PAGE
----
In the Journals

DAAs do not affect HCC risk, SVR reduces risk

Recently published data showed a link between sustained virologic response and a reduced risk for hepatocellular carcinoma among patients treated with direct-acting antivirals for hepatitis C.

“Data on HCC risk following DAA induced SVR are still sparse and conflicting,” Fasiha Kanwal, MD, MSHS, from the DeBakey Veterans Affairs Medical Center, Houston, Texas, and colleagues wrote. “We found that, among patients treated with DAA, virological cure of HCV resulted in a considerable reduction in the risk of HCC. However, the absolute risk of HCC was high in several patient groups who achieved cure, including [approximately] 40% of patients who had progressed to cirrhosis.”

To assess the risk and determinants for HCC in patients cured with DAAs, the researchers gathered data on 22,500 patients treated for HCV with DAAs from the Veterans Health Administration system, 19,518 of whom achieved SVR.

The 2,982 patients who did not achieve SVR were more likely to be Hispanic (5.3% vs. 3.5%; P < .0001) and have cirrhosis (42.6% vs. 38.4%; P < .0001), HCV genotype 3 (8.8% vs. 3.5%; P < .0001) and a history of alcohol (66.7% vs. 60.6%; P < .0001) or drug use (58.9% vs. 53.4%; P < .0001), compared with those who did achieve SVR.

Among those who achieved SVR, 183 developed HCC during 20,415 person-years of follow-up for an annual incidence of 0.9 per 100 person-years (95% CI, 0.77-1.03). This was considerably lower than the rate of 3.45 per 100 person-years among the 88 patients who did not achieve SVR and developed HCC during 2,547 person-years of follow-up (95% CI, 2.73-4.18).

Researchers observed a strong association between SVR and time until development of HCC (P < .0001), and a 76% decrease in the risk for HCC (HR = 0.24; 95% CI, 0.19-0.31).

On a multivariate model, other factors that affected the risk for HCC in this cohort included cirrhosis (HR = 4.73; 95% CI, 3.34-6.68) and alcohol use compared with those without alcohol use (HR = 1.56; 95% CI, 1.11-2.18). Compared with Caucasian patients, African-American patients had a lower risk for HCC (HR = 0.56; 95% CI, 0.39-0.81).

“Our data highlight the potential consequences of delaying treatment — either by lack of access or by patient/provider choice — on subsequent risk of HCC, and support treatment of all patients with HCV prior to their progression to advanced fibrosis and cirrhosis. Delaying treatment until patients progress to cirrhosis might be associated with substantial downstream costs incurred as part of life long HCC surveillance and/or management of HCC,” the researchers concluded. “We did not find any evidence to suggest that DAAs promote HCC either during or after treatment.” – by Talitha Bennett

Disclosure: The researchers report no relevant financial disclosures.

Recently published data showed a link between sustained virologic response and a reduced risk for hepatocellular carcinoma among patients treated with direct-acting antivirals for hepatitis C.

“Data on HCC risk following DAA induced SVR are still sparse and conflicting,” Fasiha Kanwal, MD, MSHS, from the DeBakey Veterans Affairs Medical Center, Houston, Texas, and colleagues wrote. “We found that, among patients treated with DAA, virological cure of HCV resulted in a considerable reduction in the risk of HCC. However, the absolute risk of HCC was high in several patient groups who achieved cure, including [approximately] 40% of patients who had progressed to cirrhosis.”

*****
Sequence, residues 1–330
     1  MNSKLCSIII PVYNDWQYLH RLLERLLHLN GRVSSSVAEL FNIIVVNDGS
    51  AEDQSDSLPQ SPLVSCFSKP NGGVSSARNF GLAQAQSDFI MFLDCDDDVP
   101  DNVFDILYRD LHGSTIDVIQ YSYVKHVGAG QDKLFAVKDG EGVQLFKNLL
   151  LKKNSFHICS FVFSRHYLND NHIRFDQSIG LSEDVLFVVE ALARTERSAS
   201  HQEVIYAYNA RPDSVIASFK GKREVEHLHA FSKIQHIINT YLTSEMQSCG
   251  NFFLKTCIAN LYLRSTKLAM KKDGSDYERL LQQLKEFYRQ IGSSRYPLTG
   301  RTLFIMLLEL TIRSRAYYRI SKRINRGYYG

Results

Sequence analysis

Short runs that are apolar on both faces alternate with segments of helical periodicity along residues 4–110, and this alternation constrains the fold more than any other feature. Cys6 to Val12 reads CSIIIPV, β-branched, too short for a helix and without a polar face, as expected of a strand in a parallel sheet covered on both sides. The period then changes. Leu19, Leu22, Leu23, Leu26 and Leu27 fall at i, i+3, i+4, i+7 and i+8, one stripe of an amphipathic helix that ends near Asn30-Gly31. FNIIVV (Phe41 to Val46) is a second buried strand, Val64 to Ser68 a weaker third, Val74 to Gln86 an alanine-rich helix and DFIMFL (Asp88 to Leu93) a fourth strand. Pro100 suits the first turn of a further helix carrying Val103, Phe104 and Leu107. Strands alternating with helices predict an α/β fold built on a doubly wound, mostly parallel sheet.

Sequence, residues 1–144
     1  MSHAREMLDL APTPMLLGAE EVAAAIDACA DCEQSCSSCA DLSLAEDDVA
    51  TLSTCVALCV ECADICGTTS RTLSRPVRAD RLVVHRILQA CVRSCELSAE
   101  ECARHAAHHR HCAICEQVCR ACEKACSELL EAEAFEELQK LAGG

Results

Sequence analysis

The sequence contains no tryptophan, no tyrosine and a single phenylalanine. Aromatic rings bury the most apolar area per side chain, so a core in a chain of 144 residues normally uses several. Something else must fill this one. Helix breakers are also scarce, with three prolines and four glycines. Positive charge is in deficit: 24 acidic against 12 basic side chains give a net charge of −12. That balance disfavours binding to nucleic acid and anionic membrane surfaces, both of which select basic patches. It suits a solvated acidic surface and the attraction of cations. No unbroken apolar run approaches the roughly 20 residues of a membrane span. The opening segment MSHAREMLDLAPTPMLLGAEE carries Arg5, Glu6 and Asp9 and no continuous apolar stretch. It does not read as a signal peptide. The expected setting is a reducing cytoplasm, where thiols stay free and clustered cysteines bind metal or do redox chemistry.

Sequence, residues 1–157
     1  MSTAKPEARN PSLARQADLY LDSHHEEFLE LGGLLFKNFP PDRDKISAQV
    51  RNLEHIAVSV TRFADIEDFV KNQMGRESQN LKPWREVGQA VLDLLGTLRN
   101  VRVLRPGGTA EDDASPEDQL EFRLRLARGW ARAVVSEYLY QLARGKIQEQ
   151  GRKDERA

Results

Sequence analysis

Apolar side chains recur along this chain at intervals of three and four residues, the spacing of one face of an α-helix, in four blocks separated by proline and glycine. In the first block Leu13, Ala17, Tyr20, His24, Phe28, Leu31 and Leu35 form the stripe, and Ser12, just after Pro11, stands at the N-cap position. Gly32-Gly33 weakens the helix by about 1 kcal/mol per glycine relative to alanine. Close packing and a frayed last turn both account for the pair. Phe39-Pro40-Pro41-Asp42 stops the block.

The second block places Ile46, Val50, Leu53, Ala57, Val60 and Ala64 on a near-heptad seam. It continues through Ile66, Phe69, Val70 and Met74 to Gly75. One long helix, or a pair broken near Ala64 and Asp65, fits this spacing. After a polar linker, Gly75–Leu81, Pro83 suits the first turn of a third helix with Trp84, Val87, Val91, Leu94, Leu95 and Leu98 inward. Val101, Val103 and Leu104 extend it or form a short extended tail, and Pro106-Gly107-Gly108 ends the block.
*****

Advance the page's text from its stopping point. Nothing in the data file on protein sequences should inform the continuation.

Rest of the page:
To assess the risk and determinants for HCC in patients cured with DAAs, the researchers gathered data on 22,500 patients treated for HCV with DAAs from the Veterans Health Administration system, 19,518 of whom achieved SVR.

The 2,982 patients who did not achieve SVR were more likely to be Hispanic (5.3% vs. 3.5%; P < .0001) and have cirrhosis (42.6% vs. 38.4%; P < .0001), HCV genotype 3 (8.8% vs. 3.5%; P < .0001) and a history of alcohol (66.7% vs. 60.6%; P < .0001) or drug use (58.9% vs. 53.4%; P < .0001), compared with those who did achieve SVR.

Among those who achieved SVR, 183 developed HCC during 20,415 person-years of follow-up for an annual incidence of 0.9 per 100 person-years (95% CI, 0.77-1.03). This was considerably lower than the rate of 3.45 per 100 person-years among the 88 patients who did not achieve SVR and developed HCC during 2,547 person-years of follow-up (95% CI, 2.73-4.18).

Researchers observed a strong association between SVR and time until development of HCC (P < .0001), and a 76% decrease in the risk for HCC (HR = 0.24; 95% CI, 0.19-0.31).

On a multivariate model, other factors that affected the risk for HCC in this cohort included cirrhosis (HR = 4.73; 95% CI, 3.34-6.68) and alcohol use compared with those without alcohol use (HR = 1.56; 95% CI, 1.11-2.18). Compared with Caucasian patients, African-American patients had a lower risk for HCC (HR = 0.56; 95% CI, 0.39-0.81).

“Our data highlight the potential consequences of delaying treatment — either by lack of access or by patient/provider choice — on subsequent risk of HCC, and support treatment of all patients with HCV prior to their progression to advanced fibrosis and cirrhosis. Delaying treatment until patients progress to cirrhosis might be associated with substantial downstream costs incurred as part of life long HCC surveillance and/or management of HCC,” the researchers concluded. “We did not find any evidence to suggest that DAAs promote HCC either during or after treatment.” – by Talitha Bennett

Disclosure: The researchers report no relevant financial disclosures.